They tell us we are a democracy. They tell us that we elected representatives who then advocate for the interests and well-being of their constituents, the voters—the people.
But our elected officials are following a radical agenda that would dismantle the government, depriving millions upon millions of Americans of needed services and safeguards, including healthcare. Furthermore, the administration of the 45th US president is enacting a white supremacist agenda while consolidating power into a fascist stronghold.
And the people are voicing their discontent like they have not done in generations.
All elected officials have a duty to listen to their constituents. This is called representative democracy, what they tell us we have. Instead, they are trying to silence constituents’ voices and words by portraying us as bullies, as radicals, as crazy—essentially, gaslighting us. They are attempting to discredit us because we are alarmed by what’s happening. They are portraying us as unreasonable and beyond the pale of public opinion.
This is what they say when they take part in town halls or allow their staff to answer their office phones—as many GOP elected officials are now refusing to take part in town halls and have stopped answering calls from their constituents.
Disparaging protestors for exercising their First Amendment rights and taking an active part in our own democracy speaks only to the truth of our criticisms. But it is also a form of abuse—refusing to listen to the people they have sworn to represent and instead disparaging them is an abuse of power.
And as usual, the GOP memory is short: these tactics of speaking directly and passionately to one’s elected officials have been taken straight from the Tea Party playbook. If it’s good for the goose, then it’s good for the gander, right?
Tea Party tactics are aggressive and encourage what is essentially intimidation. They got the attention of the GOP because (1) their forcefulness eclipsed all other voices, which also means that many people who deserved to be heard were drowned out and their needs ignored, and (2) they were advocating for elected officials to go further down a path that many of those officials were already on; they were not demanding their representative completely change course and veer far afield of their party’s agenda.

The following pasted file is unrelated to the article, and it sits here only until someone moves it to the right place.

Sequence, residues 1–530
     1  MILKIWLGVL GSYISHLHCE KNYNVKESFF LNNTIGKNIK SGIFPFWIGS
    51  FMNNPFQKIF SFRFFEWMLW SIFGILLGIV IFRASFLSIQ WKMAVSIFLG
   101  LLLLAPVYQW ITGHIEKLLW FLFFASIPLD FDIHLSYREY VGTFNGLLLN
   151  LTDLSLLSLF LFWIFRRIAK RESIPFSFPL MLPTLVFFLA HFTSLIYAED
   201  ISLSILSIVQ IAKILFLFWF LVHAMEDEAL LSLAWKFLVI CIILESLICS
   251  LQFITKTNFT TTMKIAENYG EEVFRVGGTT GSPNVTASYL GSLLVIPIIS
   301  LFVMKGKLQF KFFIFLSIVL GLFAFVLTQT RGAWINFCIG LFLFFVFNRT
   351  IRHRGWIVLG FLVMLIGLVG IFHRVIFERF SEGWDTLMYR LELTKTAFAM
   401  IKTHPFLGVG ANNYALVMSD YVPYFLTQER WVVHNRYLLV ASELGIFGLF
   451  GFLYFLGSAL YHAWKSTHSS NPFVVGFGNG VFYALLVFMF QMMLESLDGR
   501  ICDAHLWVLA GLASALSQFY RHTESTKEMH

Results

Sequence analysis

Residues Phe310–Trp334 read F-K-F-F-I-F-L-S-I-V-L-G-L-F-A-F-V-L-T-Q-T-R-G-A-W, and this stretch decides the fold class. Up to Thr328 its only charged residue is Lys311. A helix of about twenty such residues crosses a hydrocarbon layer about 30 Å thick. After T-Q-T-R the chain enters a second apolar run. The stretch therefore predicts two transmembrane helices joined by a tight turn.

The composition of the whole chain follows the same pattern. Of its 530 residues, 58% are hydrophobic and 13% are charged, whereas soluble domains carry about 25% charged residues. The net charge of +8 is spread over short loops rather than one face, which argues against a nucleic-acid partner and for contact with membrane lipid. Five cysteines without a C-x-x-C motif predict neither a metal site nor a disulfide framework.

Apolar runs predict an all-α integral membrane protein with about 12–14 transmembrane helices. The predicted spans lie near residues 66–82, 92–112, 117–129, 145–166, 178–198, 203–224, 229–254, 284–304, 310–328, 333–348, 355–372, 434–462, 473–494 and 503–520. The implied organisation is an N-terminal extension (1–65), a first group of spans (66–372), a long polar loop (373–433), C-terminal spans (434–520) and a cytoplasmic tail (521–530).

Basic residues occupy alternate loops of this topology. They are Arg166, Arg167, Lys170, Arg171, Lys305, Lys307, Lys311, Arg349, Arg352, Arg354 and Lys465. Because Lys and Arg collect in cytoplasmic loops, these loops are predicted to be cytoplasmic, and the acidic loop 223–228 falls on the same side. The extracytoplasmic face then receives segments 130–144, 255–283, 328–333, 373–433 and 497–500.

Are these tactics really what we want to do? Is this our most effective means to, at minimum, halting the white supremacist, fascist, relentless agenda of 45 and the GOP?
(I don’t have answers to these questions, by the way.)
The Tea Party of ten years ago is different from today’s progressive resistance movement. Ten years ago was a very different cultural and political climate from today’s sensationalistic, mud-spewing, struggling-to-woke-the-masses movement. Our relationship to the elected officials we’re trying to influence is different from the Tea Party’s relationship to the elected officials of their heyday.
Should we be creating our own tactical playbook not only to win these political battles (or at least score a draw) but also to change the narrative about the power of the people, the potential of building a truly compassionate society, reinforced by a government that enacts principles of empathy and communal growth?